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Uggghhhh--Read a book?!? This time with a Solution.

It was almost this time last year I wrote about how my boys would rather go outside, or play on the Wii, or sweep instead of reading a book.  Please, don't get me wrong.  They are highly intelligent kids who do very well in school.  They just believe (as probably do many other kids) that the summer is a time to chill. 

Well, the books are back.  Due to higher grade levels, their books are becoming more complex in ideals, focusing on the author's purpose, allegories, and a whole bunch of other facets of literature that I don't need to get into now.

Each day, I've challenged my boys to read.  They have to...and they don't want to.  It can be a challenge in the house. Well, I had this challenge yet again today.  My son had to read aloud to me.  He read in the most dismal voice imaginable, inducing thoughts of wanting to consume raw red onions and chase them with garlic cloves and prune juice.

Then, brilliance came to mind.

'Dijon, why not read with him?', I thought. Aha! (Imagine a cute, tiny gold chime bell going off.  Do you hear it?)

I sat beside him and read the next page of his book, Bud, Not Buddy by Christopher Paul Curtis using inflections and emotions. As we turned the page, I said, 'It's your turn."
Together reading Bud, Not Buddy
from his summer reading list.

OM stinkin' G! He sat up and read with enthusiasm and flair.  I heard inflections, tone control, pacing, and even laughter.  Could this be my son? Could this be the answer I've been needing?  Will this be the hook to get him reading with a desire and craving that is needed? I think so!  In fact, I even got into the chapter.  Reading the pages and watching them come alive, imagining you are there with the characters experiencing the same emotions they are...can be exhilarating.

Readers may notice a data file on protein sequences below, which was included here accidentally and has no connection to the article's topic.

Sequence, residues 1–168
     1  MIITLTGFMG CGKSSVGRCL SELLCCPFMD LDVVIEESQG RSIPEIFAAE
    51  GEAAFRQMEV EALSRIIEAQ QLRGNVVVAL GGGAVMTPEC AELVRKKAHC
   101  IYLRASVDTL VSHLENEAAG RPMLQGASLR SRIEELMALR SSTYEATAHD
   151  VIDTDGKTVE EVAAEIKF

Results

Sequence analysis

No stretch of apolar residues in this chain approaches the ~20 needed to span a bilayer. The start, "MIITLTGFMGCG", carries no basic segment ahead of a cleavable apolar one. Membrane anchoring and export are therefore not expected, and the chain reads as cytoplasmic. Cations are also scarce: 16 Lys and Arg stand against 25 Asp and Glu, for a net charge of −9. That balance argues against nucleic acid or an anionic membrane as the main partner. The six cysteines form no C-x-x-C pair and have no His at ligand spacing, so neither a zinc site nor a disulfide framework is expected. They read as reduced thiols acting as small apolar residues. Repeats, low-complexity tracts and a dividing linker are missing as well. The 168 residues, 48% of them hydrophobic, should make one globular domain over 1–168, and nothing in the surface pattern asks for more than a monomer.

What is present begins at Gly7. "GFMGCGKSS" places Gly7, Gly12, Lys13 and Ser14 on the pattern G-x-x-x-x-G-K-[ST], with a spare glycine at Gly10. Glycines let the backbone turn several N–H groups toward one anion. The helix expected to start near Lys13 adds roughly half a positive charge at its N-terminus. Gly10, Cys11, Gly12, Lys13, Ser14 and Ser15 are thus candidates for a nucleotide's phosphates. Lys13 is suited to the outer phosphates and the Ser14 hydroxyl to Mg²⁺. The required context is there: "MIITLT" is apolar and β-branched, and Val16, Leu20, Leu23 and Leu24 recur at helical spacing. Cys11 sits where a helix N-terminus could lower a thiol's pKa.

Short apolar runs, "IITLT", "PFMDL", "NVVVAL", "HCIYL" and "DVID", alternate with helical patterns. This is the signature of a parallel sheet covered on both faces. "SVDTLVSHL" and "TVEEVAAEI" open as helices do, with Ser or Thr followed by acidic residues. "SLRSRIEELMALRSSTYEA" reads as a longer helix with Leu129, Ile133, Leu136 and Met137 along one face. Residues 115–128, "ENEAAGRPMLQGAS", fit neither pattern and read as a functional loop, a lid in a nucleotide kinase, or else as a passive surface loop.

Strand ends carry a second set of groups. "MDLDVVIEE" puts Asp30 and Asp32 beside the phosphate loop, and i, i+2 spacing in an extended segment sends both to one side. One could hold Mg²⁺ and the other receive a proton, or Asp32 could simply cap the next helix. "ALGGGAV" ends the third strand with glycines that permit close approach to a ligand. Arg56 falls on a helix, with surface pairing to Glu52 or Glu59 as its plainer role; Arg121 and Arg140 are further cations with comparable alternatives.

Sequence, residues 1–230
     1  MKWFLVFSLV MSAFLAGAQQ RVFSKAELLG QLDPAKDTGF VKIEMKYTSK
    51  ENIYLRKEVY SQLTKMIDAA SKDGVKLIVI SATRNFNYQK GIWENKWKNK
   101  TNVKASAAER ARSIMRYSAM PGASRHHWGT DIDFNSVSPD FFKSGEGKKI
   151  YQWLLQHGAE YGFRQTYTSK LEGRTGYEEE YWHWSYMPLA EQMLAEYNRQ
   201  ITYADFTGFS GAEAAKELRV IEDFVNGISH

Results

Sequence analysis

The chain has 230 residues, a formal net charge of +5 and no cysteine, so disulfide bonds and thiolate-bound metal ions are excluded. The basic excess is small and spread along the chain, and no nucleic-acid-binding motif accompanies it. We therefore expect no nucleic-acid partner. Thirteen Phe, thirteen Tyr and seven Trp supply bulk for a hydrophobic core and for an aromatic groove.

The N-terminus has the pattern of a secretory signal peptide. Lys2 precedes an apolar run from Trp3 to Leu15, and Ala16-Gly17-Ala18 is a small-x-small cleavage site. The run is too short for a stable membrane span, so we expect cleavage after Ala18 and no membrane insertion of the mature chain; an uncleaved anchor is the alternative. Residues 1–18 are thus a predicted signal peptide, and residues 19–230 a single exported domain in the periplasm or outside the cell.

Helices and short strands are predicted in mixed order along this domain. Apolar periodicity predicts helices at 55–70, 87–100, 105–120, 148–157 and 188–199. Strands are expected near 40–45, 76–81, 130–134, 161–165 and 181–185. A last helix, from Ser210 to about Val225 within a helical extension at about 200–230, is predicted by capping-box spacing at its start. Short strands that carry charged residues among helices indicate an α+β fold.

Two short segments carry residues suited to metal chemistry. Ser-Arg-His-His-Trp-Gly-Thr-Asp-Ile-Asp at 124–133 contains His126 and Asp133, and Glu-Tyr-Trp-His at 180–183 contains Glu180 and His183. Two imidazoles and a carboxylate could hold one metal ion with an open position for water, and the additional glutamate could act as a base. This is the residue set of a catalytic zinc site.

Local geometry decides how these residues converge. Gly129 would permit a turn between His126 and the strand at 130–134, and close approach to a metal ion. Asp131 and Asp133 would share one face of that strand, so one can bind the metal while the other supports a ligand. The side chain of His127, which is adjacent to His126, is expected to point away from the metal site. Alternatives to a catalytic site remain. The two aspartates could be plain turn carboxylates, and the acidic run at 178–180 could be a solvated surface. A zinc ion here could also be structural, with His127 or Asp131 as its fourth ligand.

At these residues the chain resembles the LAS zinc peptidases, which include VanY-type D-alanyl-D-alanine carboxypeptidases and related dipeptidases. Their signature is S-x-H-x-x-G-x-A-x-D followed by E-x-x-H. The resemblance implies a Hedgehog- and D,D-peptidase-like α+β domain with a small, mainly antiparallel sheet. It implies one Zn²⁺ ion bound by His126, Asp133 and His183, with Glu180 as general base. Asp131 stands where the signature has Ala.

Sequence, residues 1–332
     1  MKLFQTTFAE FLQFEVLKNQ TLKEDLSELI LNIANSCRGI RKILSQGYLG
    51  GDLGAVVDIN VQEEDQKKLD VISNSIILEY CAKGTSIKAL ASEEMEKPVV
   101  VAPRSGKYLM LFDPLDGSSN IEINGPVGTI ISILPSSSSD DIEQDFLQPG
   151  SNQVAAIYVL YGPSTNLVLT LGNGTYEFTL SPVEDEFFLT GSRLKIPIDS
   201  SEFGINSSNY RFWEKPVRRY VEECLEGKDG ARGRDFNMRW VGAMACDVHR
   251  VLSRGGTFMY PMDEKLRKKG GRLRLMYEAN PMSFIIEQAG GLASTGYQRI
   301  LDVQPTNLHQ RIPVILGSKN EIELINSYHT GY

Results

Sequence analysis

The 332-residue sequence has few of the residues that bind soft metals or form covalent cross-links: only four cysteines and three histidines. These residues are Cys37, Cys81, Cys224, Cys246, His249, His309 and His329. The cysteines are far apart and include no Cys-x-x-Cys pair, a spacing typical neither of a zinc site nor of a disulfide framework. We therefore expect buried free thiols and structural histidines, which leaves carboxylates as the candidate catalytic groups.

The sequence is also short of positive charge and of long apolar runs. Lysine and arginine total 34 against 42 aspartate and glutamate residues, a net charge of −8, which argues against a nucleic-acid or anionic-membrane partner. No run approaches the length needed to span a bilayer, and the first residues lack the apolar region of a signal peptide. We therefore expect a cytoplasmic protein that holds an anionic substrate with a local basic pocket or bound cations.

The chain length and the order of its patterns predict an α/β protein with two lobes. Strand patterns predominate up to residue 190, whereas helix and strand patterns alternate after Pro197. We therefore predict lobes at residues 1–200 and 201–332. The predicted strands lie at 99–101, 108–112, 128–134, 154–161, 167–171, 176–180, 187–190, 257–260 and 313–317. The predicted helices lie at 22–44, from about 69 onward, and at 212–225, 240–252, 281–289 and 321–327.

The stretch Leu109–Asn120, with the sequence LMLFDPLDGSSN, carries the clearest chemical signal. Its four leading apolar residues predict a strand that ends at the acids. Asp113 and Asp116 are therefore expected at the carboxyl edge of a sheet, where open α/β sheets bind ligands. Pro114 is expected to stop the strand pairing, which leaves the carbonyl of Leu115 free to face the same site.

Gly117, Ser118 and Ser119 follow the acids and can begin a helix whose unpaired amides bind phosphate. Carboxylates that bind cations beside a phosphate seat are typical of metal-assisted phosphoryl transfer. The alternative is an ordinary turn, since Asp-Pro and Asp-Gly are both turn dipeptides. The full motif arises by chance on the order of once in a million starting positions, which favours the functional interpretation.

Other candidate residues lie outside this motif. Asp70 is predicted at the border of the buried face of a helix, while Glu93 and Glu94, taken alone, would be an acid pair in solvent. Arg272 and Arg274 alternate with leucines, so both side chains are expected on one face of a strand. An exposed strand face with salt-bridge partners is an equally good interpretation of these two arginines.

Or at least that's what I want it to be for my little reader.  This is going to take some effort, some physical energy, and even a little sacrifice.  It just might mean turning off House of Cards for a while (I know, I know).  I can honestly say this:  he appreciated the bond shared as we read together.  Even if your children are older and don't need you to read to them, there's still the opportunity to participate in their literature.  Go to the library together and check out the same book.  Your conversations will appear more mature and relevant to events of today.

I'm NOS.  I need some water and lip balm from all this reading.

Question:  What would be the obstacles of reading to/ with your child?  Let's chat.

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